Gambling As an Addiction


While many people have placed a bet or two, most do not have gambling problems. For those who do, it can be a serious and persistent problem that disrupts their daily lives. In the past, the psychiatric community generally considered pathological gambling to be more of a compulsion than an addiction, but in a move widely viewed as a significant change, the American Psychiatric Association recently moved it into the category of impulse control disorders alongside such conditions as kleptomania, pyromania and trichotillomania (hair-pulling).

Gambling is a behavior that involves risking something of value on an uncertain event with the hope of winning something else of value. It can take many forms, including lotteries, scratch-off tickets, casino games and sports events. It is common for individuals with this condition to hide their gambling from loved ones, lie about how much money they are spending or even commit illegal acts in an attempt to fund their habit.

Like other addictions, gambling is hard to overcome without help. It is important to seek treatment if you have trouble controlling your urges, as it can affect your relationships, job and health. Treatment options may include medication, psychotherapy and family therapy. Psychotherapy can help you learn to identify and change unhealthy behaviors. It can also address underlying issues such as depression or anxiety that contribute to your gambling disorder. There are several different types of psychotherapy, including cognitive behavioral therapy (CBT), psychodynamic therapy and group therapy. Family therapy can help you regain closeness with your loved ones and establish healthy communication styles.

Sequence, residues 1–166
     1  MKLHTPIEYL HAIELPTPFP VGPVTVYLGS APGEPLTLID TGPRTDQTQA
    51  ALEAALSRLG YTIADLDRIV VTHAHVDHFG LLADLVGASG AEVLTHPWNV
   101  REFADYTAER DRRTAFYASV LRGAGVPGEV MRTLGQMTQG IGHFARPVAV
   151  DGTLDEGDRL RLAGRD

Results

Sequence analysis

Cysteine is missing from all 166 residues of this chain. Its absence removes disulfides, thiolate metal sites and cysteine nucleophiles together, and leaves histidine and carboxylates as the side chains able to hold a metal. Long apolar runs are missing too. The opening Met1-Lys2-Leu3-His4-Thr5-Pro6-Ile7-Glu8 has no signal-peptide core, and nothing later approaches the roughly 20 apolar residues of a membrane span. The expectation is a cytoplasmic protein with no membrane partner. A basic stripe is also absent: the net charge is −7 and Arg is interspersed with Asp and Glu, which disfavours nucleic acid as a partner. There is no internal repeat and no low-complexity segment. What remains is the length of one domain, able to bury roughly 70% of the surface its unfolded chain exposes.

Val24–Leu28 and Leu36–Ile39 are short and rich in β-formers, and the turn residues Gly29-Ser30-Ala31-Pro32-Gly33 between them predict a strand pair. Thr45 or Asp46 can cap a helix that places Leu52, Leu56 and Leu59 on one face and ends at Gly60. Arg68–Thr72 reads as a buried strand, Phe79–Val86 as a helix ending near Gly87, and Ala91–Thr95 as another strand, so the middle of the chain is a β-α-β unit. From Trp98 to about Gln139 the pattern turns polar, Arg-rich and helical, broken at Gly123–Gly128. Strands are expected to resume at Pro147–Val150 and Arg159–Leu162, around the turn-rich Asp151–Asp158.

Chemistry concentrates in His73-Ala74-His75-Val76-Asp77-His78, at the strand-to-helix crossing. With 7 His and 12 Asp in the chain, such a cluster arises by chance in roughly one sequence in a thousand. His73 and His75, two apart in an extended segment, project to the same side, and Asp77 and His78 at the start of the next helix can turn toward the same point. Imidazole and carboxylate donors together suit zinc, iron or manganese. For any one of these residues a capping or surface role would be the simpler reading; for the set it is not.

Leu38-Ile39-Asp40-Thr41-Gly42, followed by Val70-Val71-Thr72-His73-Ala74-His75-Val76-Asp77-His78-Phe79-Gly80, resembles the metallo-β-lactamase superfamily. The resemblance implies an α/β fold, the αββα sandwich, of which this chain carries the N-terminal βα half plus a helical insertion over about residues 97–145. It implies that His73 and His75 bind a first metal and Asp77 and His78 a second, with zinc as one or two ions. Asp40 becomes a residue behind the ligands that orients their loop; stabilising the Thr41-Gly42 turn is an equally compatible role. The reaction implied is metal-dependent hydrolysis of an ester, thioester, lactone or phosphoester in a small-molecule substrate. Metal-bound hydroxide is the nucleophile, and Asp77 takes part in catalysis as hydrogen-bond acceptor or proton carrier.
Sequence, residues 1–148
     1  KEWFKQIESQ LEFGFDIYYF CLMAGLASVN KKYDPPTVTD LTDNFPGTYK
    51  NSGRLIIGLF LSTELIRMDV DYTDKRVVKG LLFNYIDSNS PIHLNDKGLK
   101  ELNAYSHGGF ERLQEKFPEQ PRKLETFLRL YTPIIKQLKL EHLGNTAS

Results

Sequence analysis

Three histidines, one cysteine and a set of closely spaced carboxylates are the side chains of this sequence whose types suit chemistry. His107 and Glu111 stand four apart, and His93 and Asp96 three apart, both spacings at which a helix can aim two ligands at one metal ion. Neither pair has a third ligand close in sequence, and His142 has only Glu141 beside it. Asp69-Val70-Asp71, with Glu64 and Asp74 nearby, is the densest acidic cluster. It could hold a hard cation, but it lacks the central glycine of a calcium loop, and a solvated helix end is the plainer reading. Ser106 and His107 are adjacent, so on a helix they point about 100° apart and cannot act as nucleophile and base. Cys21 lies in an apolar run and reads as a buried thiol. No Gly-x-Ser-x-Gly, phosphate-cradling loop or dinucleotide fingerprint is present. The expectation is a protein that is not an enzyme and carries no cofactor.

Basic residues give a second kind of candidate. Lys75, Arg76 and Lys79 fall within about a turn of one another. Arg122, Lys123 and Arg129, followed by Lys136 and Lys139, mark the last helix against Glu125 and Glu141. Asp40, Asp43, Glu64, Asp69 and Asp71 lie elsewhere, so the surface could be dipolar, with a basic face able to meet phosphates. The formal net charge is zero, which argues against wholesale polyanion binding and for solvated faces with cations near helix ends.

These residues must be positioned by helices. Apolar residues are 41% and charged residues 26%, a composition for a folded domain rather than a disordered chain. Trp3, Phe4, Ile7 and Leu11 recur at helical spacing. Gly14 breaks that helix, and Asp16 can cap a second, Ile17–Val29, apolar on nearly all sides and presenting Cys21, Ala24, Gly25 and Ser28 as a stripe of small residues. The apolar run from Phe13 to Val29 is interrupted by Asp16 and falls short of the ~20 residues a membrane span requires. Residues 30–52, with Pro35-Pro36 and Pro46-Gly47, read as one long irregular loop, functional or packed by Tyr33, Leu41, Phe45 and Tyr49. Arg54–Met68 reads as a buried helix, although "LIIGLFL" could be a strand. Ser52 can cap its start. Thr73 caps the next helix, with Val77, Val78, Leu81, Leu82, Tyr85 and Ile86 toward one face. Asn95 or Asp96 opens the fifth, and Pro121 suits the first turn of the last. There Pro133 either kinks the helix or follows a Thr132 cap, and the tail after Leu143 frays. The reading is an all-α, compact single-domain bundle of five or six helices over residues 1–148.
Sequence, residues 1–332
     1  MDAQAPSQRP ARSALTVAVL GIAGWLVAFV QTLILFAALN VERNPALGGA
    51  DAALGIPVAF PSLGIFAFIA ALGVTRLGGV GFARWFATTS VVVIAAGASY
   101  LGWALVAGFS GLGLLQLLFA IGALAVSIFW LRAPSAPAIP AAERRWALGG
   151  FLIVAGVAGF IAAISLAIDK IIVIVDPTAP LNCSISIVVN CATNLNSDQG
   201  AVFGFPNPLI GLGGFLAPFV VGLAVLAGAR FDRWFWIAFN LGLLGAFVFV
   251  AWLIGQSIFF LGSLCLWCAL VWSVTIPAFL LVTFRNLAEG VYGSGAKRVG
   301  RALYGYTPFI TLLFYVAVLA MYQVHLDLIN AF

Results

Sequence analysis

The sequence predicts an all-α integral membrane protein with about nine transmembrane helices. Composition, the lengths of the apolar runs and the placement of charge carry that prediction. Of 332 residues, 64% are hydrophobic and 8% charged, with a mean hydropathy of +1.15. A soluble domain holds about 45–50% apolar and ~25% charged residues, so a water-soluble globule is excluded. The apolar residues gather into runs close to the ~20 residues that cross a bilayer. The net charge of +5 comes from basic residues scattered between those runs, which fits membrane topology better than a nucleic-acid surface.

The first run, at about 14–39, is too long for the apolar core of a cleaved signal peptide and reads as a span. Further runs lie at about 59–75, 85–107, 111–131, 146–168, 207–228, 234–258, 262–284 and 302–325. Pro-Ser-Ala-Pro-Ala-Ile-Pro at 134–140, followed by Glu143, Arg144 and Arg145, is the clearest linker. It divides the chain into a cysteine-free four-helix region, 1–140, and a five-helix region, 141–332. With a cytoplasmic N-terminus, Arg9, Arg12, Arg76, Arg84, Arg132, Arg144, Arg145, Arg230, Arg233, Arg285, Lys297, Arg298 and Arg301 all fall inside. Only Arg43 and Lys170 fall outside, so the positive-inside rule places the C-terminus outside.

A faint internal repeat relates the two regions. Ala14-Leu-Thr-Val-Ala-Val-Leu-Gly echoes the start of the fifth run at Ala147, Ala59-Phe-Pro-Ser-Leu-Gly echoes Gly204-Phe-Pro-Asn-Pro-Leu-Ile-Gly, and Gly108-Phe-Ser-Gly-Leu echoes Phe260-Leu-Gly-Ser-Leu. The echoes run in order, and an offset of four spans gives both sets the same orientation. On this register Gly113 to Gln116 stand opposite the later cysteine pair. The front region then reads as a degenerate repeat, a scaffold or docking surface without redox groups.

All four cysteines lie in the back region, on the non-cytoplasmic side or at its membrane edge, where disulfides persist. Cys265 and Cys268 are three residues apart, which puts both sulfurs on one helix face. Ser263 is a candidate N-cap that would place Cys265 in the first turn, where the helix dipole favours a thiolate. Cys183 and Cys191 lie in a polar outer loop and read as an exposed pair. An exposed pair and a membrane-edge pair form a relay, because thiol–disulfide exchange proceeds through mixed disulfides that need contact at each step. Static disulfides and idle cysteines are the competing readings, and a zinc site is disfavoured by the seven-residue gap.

Research on gambling is largely limited to studies of specific events, but longitudinal designs can yield valuable insights into the etiology of this disorder. In particular, these studies can highlight factors that moderate and exacerbate gambling behavior, as well as provide evidence of causality.

Despite the potential for big wins, the reality is that most people lose when they gamble. This is because when you place a bet, the brain releases a chemical called dopamine that makes you feel pleasure. Unfortunately, these feelings can trigger the urge to gamble again, as long as there is still a chance of winning.

The best way to overcome the temptation to gamble is to develop a plan to keep you from gambling. This includes setting a time limit for how long you will gamble and deciding before you begin how much money you will spend. It is also a good idea to avoid gambling on credit and not use money that you need to pay bills or rent. Finally, try to find other ways to relieve unpleasant emotions, such as loneliness or boredom, instead of gambling. These steps can help you stop gambling before it starts to cause problems in your life.